Rolling out a host of localized websites for dozens of target countries is a smart business move for anyone involved in e-commerce (considering that two-thirds of those online are not native English-speakers, and that more than 70 percent of online consumers hesitate to make a purchase online unless they can read about the product in their native language).
However, it can also be an expensive undertaking, what with the costs of designing, translating, hosting, and updating 10, 20, 30, or even 40 individual websites in a range of languages.
There are ways you can reduce your total outlay and increase your ROI, however.
Let's say you want to target 30 different countries, which means 30 different websites, each in a different language or language variant. Instead of creating 30 comprehensive localized websites for each country, test the waters in uncharted markets by creating microsites that feature your main pages (e.g., home, products, about, and contact). If you get enough interest from a particular market, you can then translate the whole site for that language.
By utilizing sub-domains off your main site, rather than buying and hosting a domain in every country, you can save a significant amount. You can still achieve the same "local" effect by geotargeting each subdomain using the Google Webmaster tool, so your site will appear in local search results.
3. Save on Translation With Duplication
Duplicate content in the same language will see you penalized by Google, but if you use the same copy in different languages across all your foreign language websites, then you can save costs by simply translating or "transcreating" your original content, without having to copy write unique content for each new language.
Keep your original content straightforward and colloquialism-free to allow for simple and thus cheaper translations -- you should then double-check your translated content to ensure your keywords are correctly localized. For duplicate content in the same language, say between your English sites for the UK, U.S., and Canada, you may want to make some tweaks to the content to ensure that it isn't identically duplicated across all sites.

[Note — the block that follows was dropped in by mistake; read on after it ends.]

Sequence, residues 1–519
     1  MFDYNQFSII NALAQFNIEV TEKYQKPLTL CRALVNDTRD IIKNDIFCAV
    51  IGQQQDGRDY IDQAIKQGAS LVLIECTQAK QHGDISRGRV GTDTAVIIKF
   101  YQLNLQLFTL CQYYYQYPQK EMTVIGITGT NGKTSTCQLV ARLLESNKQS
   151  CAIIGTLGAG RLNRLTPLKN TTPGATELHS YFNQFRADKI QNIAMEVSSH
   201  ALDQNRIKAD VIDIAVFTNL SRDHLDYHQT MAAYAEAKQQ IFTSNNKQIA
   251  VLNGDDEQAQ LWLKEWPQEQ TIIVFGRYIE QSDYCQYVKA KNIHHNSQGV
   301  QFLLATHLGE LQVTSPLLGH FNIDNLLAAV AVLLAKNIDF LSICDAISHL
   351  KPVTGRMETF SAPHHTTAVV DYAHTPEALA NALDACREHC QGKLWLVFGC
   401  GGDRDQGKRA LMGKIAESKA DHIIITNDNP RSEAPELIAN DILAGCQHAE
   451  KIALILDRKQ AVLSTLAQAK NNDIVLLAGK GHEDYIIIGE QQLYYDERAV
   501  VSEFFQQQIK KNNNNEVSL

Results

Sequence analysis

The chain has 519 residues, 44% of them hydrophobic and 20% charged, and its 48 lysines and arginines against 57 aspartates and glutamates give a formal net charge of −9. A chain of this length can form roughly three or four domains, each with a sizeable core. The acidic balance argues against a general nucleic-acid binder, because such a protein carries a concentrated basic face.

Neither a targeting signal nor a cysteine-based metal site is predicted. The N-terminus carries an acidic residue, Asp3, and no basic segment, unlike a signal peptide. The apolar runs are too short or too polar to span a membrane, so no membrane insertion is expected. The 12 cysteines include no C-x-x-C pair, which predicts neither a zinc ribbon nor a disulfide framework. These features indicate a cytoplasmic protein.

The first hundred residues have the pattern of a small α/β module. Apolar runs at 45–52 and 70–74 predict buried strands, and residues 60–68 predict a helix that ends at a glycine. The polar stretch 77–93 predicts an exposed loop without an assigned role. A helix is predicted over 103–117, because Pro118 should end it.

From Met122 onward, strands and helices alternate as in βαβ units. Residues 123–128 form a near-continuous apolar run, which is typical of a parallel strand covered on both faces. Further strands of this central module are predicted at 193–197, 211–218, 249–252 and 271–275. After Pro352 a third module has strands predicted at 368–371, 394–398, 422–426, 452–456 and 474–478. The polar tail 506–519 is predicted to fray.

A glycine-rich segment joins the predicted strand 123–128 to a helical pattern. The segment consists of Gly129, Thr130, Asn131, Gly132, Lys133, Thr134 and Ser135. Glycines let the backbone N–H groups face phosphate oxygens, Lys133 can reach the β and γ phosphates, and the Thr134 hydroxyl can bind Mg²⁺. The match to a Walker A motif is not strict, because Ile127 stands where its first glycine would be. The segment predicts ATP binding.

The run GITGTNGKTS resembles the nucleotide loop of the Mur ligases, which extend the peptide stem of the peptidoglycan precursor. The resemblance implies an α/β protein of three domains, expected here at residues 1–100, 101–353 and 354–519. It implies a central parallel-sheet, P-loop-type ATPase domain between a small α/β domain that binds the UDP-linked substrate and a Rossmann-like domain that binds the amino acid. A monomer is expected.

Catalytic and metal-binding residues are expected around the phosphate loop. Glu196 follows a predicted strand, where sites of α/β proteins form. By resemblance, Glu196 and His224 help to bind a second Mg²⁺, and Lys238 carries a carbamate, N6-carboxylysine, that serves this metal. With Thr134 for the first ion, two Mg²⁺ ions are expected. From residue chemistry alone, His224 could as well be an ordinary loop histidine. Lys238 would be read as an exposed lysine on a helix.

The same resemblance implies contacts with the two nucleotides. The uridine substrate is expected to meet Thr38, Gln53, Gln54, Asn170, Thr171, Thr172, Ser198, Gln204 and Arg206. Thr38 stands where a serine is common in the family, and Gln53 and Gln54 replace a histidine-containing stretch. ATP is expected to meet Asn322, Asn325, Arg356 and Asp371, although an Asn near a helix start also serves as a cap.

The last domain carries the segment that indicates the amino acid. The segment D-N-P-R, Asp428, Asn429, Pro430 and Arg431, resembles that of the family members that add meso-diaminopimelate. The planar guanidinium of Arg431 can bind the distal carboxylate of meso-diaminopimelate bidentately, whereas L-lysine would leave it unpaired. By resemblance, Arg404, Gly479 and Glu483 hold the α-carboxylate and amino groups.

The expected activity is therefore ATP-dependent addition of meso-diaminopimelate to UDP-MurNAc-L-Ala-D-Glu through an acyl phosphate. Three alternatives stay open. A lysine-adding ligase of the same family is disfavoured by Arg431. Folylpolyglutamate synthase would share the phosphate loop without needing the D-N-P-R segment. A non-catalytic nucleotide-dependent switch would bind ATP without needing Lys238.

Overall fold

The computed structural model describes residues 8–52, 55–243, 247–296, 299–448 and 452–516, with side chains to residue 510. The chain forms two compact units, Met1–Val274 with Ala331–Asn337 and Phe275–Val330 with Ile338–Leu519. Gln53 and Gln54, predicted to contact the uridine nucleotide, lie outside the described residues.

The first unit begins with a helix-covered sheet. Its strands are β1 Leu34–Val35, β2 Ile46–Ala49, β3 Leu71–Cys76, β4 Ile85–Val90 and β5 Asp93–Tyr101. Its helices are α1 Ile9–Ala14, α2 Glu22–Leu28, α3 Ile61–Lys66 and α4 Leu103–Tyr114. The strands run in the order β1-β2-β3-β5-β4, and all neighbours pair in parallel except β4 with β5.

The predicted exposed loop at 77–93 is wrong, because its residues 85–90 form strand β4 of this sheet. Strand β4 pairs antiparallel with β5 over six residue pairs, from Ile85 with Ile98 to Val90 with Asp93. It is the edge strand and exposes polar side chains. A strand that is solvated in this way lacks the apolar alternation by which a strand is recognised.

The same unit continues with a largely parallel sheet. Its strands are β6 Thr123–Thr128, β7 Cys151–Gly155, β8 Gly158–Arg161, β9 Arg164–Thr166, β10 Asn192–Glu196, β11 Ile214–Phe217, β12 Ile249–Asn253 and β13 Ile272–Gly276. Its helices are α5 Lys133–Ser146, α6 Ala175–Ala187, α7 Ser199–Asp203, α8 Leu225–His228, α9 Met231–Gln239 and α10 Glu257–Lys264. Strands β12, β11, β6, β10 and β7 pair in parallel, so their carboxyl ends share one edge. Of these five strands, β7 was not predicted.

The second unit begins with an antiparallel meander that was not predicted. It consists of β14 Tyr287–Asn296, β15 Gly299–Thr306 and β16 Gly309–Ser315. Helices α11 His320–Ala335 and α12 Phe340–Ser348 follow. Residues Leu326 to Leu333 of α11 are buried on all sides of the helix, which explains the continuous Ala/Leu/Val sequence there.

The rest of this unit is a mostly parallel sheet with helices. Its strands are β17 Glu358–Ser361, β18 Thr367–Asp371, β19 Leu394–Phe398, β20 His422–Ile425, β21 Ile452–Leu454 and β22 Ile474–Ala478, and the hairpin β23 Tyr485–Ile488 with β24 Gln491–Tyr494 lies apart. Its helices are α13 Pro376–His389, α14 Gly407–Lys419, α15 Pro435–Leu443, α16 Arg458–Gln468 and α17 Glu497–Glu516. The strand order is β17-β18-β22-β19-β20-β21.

4. PEMT for Low-Value Content
You can also save more on translation, and open up a whole new host of information to multilingual visitors, by using post-edited machine translation for low-value, high quantity content like comments, wikis, or user reviews, which aren't business-critical and don't require perfect accuracy.
5. Beat the Competition in Foreign Markets
The beauty of Internet marketing in languages other than English is that it's less exploited and therefore much easier to get a higher ranking for your optimized sites, and in turn a better ROI.
Internet marketer Enrique Serrano has worked in online marketing for the Spanish and UK markets, and he believes the current window of opportunity for online marketers in Spain could be called the "modern Spanish gold rush."
"Working with websites written in English and in Spanish, I've found that the Spanish Internet market provides less users -- but much less competition," Serrano says. "On top of that, the competition for pages written in Spanish seems easier to beat, as many of them don't even care much about search engine optimization and other online marketing strategies. All that makes achieving good search engine rankings in Spanish easier."
With less keyword competition in languages other than English, you should see your rankings and traffic improve much faster for your foreign language websites -- which will save you more money in the long run.
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